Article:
All his output was going into the writable “output pipe” used to create the combined ZIP file.
There was nothing in his code that even tried to write to any of the input files, which were opened “read only” and should therefore have been protected by the operating system anyway.
One telltale he spotted was that the corrupted 8 bytes almost always showed up in the last gzip file of any month, and were always 50 4B 01 02 1E 03 14 00 in hexadecimal.
Threat researchers will recognise 50 4B 01 02 right away, because 50 4B comes out as PK in ASCII characters, short for Phil Katz, the creator of the ZIP file format.
Also commonly seen in malware analysis involving ZIP files are those bytes 01 02 immediately after the PK – that’s a special marker that denotes “what follows is a block of data in the end-of-archive ZIP trailer”.
The bytes 1E 03, in case you’re wondering, denote that the file was created on a Unix-like system (0x03), following zipfile specification 3 (0x1E is 30 in decimal, interpreted as version 3.). The 14 00 after that denotes that PKZIP 2.0 or later is needed to uncompress (0x14 is 20 in decimal, interpreted as 2.0).
In other words, Kellerman was able to infer that the data bleeding into the very end of occasional “read only” gzip files was always the start of the additional data that he was adding at the end of his writable, all-in-one ZIP file.
No matter how carefully he perused at his own code, however, he couldn’t see how he could perpetrate this corruption with a bug of his own, even if he wanted to.
After all, the side-effect of the bug was that his software ended up corrupting 8 bytes
at the end of a file that the kernel itself was supposed to stop him writing to anyway.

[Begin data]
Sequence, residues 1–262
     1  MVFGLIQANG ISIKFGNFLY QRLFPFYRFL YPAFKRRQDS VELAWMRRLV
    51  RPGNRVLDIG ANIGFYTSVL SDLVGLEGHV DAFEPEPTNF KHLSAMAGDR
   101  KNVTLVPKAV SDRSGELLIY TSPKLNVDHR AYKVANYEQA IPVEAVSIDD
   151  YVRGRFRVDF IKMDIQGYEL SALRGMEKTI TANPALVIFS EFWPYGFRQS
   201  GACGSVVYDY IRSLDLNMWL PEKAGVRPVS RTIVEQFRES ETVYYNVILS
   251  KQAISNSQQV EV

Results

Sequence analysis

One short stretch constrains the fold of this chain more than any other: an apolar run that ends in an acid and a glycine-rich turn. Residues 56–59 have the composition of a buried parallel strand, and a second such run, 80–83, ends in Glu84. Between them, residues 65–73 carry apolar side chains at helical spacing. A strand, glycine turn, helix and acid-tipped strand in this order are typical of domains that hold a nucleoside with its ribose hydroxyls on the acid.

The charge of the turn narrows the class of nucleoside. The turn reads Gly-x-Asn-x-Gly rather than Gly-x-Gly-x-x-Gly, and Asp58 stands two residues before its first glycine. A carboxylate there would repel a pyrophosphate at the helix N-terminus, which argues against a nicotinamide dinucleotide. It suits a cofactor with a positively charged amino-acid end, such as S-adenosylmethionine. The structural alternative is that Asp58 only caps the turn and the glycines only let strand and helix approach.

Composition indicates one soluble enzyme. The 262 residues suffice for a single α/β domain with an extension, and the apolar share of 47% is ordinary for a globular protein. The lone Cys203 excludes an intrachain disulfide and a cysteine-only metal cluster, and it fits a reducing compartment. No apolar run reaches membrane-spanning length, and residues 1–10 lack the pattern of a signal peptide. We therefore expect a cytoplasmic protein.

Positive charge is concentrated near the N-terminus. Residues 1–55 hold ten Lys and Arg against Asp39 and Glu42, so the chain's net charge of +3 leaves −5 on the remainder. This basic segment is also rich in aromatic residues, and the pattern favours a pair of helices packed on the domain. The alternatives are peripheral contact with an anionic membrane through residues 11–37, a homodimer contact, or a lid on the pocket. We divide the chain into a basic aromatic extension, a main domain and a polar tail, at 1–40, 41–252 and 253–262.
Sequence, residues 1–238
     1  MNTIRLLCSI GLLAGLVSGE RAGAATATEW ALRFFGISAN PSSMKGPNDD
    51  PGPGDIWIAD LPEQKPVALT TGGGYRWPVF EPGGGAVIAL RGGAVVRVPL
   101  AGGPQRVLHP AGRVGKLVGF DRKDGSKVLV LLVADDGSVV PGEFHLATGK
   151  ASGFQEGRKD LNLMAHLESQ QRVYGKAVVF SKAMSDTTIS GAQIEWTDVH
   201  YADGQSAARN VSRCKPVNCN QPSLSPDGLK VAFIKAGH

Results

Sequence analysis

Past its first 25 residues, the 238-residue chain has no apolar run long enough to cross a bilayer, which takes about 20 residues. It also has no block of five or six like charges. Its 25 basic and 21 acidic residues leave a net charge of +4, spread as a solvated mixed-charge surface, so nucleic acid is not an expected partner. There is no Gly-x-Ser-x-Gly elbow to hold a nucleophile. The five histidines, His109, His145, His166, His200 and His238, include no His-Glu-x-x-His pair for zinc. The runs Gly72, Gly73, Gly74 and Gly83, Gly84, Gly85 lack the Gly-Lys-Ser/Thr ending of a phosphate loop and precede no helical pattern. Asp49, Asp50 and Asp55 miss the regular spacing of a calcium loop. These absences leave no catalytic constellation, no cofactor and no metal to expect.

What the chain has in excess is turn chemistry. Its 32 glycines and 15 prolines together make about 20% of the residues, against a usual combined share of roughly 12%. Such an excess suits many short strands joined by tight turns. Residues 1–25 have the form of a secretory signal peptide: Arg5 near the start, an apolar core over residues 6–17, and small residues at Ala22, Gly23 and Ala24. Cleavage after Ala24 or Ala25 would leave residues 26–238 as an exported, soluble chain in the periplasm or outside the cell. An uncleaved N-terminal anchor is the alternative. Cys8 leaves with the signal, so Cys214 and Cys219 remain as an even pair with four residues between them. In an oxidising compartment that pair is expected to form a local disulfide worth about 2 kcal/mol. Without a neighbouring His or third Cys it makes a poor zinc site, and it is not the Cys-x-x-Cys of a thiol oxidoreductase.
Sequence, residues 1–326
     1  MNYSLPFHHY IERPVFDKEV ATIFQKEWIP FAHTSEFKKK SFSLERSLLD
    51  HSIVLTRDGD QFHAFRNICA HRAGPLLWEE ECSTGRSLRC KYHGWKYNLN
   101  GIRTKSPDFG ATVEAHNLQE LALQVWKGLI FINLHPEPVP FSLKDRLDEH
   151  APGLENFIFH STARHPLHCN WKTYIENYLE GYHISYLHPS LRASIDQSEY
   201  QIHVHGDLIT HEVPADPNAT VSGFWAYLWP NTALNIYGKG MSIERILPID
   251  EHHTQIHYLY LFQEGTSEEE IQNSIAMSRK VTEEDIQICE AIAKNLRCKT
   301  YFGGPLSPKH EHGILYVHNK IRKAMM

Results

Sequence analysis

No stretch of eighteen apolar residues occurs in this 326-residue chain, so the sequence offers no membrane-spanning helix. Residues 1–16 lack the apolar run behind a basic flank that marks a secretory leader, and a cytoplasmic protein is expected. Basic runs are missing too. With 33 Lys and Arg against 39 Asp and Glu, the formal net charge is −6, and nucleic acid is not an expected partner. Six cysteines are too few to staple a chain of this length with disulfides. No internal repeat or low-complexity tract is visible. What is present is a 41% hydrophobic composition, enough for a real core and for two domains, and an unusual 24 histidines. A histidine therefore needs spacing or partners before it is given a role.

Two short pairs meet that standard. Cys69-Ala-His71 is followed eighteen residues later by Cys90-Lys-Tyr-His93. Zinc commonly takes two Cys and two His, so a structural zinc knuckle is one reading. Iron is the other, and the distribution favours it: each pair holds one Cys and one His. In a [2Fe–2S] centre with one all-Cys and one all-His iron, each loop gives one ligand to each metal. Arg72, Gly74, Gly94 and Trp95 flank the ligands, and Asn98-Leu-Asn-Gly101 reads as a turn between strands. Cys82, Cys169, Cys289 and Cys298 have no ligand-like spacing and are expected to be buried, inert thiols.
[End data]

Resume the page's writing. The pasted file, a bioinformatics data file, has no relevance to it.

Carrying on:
As he writes of his feelings at the time:
Blaming the Linux kernel (i.e. somebody else’s code) for data corruption must be the last resort. That is unlikely. The kernel is an extremely complex project developed by thousands of individuals with methods that may seem chaotic; despite of this, it is extremely stable and reliable. But this time, I was convinced that it must be a kernel bug.
But with perseverance, he was able to create two minimalist programs, with just three and five lines of code respectively, that reproduced the misbehaviour in a way that could only be blamed on the kernel.
Following that, he was able to construct a proof-of-concept attack that allows an unprivileged user to modify even a well-locked-down file such as your list of trusted SSH keys, or the list of “known good” digital signatures you’re willing to connect to for updates.
Even worse, it seems that this bug, given its low-level nature, can be used inside a virtualised container (where any running program is not supposed to have write access to any objects outside its “sandbox” or “jail”) to modify files that would usually be off limits.
The good news, of course, is that Kellermans’s careful digging led not only to uncovering the bug and understanding its cause, but also to helping the community devise a patch to close the hole.
What to do?
If you’re a Linux 5.x user. Check your kernel version. You want 5.10.102, 5.15.25 or 5.16.11 (or above). If your distro uses older kernel versions with its own security patches “backported”, check with your distro maker for details. Otherwise, simply run the command uname -r to print your kernel release. If you’re an Android user. We don’t quite know what to tell you at the time of writing [2022-03-08T17:00Z], given the variety of kernel versions in use by various products and vendors. So far, the only mainstream devices we’re aware of that have kernel 5.10 are the Google Pixel 6 and Samsung S22 series, apparently at 5.10.43. Google made no mention of a fix for this bug in its latest Pixel Update Bulletin. One device we’re aware of (Samsung S21) is on kernel 5.4, with the majority of the rest from Google and other vendors alike still using a 4.x version. You can view your kernel version at Settings > About phone > Android version > Kernel version – if you are on 5.10, we suggest you keep your eye on the Android Security Bulletins overview page for further information. If you’re a programmer hunting bugs. When tracking down otherwise inexplicable behaviour, develop the art of creating the smallest “repro” you can – that’s the jargon term for code that reliably reproduces the incorrect behaviour so that others can investigate more easily. Eliminate as many possible variables and uncertainties from the bug-hunting equation as you can before handing it over to someone else. They will thank you for it.